A top German official has slammed a US plan to give more than $43 billion (31 billion euros) in military aid to some of its Middle East allies, saying it will not help bring democracy and stability to the region.
The planned supply of US weapons to the Middle East has triggered strong criticism
The foreign ministry coordinator for German-American relations, Karsten Voigt, criticized Washington's announcement it will further arm Egypt, Israel, Saudi Arabia and other Gulf states in the region in an attempt to curb Iran's influence and ambitions.
In an interview Tuesday with news agency Reuters, Voigt said he was skeptical the deal would serve to rein in Iran's power. Supplying more weapons to the region will not bring peace there, he said.
Karsten Voigt minced no words in his criticism of US plans
"The region is not suffering from a lack of arms but from a lack of stability," Voigt said. "I have strong doubts whether stability could be achieved with these weapons."
Bolstering democracy with weapons?
An official for the US defense department said over the weekend that Washington planned to give some $20 billion in military assistance to Saudi Arabia and other states in the Persian Gulf region to modernize their armed forces and limit Iran's influence. The aid to Saudi Arabia is meant to upgrade its missile defenses and boost its navy.
Israel would receive $30.4 billion in military aid over the next decade -- a significant increase to what the country received before.
US officials say the aid is meant to send a signal to its Gulf allies that Washington is committed to the region and will stand by them amid concerns about the war in Iraq and Iran's growing clout.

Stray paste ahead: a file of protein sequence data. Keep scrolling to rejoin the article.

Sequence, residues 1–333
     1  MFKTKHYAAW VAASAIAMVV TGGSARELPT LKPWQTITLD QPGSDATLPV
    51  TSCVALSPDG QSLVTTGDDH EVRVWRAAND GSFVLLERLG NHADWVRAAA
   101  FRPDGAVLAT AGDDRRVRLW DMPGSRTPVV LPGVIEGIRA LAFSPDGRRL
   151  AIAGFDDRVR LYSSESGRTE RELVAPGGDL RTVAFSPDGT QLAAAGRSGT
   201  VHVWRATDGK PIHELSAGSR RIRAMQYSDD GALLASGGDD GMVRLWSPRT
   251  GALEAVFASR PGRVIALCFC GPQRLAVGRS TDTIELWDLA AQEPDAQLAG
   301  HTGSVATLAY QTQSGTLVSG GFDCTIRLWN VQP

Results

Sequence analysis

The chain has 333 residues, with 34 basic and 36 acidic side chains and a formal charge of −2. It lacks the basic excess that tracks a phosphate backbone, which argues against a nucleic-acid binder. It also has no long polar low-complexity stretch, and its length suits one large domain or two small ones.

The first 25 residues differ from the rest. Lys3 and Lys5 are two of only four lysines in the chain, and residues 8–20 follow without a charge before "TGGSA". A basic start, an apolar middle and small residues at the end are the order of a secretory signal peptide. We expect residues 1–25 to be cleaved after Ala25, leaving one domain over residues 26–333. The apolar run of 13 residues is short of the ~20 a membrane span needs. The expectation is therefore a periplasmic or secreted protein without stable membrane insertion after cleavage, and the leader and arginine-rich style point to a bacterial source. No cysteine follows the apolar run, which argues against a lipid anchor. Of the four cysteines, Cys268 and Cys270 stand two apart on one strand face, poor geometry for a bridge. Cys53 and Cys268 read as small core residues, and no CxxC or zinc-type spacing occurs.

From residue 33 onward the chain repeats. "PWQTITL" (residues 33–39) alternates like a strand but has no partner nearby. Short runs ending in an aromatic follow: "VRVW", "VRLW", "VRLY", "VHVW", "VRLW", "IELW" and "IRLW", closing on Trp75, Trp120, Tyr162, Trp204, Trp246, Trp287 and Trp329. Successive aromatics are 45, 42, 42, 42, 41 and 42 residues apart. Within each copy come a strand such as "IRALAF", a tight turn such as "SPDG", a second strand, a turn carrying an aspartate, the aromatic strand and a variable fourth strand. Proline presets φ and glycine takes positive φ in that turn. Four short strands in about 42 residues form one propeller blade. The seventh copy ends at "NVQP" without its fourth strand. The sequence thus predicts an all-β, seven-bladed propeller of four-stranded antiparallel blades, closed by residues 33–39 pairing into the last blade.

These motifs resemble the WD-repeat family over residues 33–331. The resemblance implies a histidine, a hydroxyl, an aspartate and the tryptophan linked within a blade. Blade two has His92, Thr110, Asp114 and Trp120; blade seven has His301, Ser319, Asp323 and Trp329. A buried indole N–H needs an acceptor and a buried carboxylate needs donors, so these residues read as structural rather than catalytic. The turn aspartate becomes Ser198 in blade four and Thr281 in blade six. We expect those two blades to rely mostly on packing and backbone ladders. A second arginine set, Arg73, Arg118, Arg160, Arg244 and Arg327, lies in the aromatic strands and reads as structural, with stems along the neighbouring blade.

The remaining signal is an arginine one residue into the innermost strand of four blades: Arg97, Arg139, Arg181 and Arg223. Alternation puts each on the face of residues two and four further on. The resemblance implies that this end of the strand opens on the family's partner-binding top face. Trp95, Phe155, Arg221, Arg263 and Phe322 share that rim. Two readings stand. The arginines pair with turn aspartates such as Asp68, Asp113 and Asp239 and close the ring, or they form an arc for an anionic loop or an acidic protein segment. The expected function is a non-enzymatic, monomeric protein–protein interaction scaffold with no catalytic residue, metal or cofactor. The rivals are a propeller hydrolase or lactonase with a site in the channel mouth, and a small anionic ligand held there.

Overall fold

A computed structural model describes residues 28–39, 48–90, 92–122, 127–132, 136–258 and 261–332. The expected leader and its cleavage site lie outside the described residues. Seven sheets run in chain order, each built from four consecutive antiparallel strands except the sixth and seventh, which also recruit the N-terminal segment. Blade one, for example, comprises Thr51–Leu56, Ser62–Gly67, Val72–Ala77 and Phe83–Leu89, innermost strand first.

Voigt however said the plans ran contrary to the US desire to nurture and bolster democracy in the region.
"The US said a couple of months ago the main problem in the region was the lack of democracy," he said. "I do not know how one can support democracy by supplying weapons for Saudi Arabia, which is anything but a very democratic country."
Rice defends controversial plan
On Tuesday, US Secretary of State Condoleeza Rice defended the plan, saying the US wanted to guarantee the security of their long-time allies in the Middle East.
Rice, who is on a tour of the Middle East along with Defense Secretary Robert Gates, said in Egypt the aid was not aimed at shifting the military balance in the region or kicking off a new arms race.
Rice defended the plans in Egypt as she tours the Middle East
"We are determined to maintain the balances -- the military and strategic balances -- within the region that we have been committed to as well," she said.
Rice also rejected allegations, the Gulf states would help the US in its war against terror in Iraq in return for the arms supplies. She stressed that Washington was fighting extremism along with its allies in the Gulf region. They have a common interest in a stable and united Iraq, she added.
Germany critical of deal
But news of the arms deal has sparked strong criticism in Germany with several leading politicians echoing Voigt's doubts.
Ruprecht Polenz, the head of parliament's foreign affairs committee and member of Chancellor Angela Merkel's conservative party, said the move threatened to destabilize what is already a volatile region.
"If you add more explosive things to a powder keg -- and that's what the Middle East is -- you heighten the risk and don't make the region safer in the end," Polenz told Frankfurter Rundschau newspaper on Monday.
The proposed military aid still has to be approved by the US Congress. There is expected to be opposition from some lawmakers, particularly to aid for to Saudi Arabia, which some accuse of not being helpful to the US-backed government in Iraq.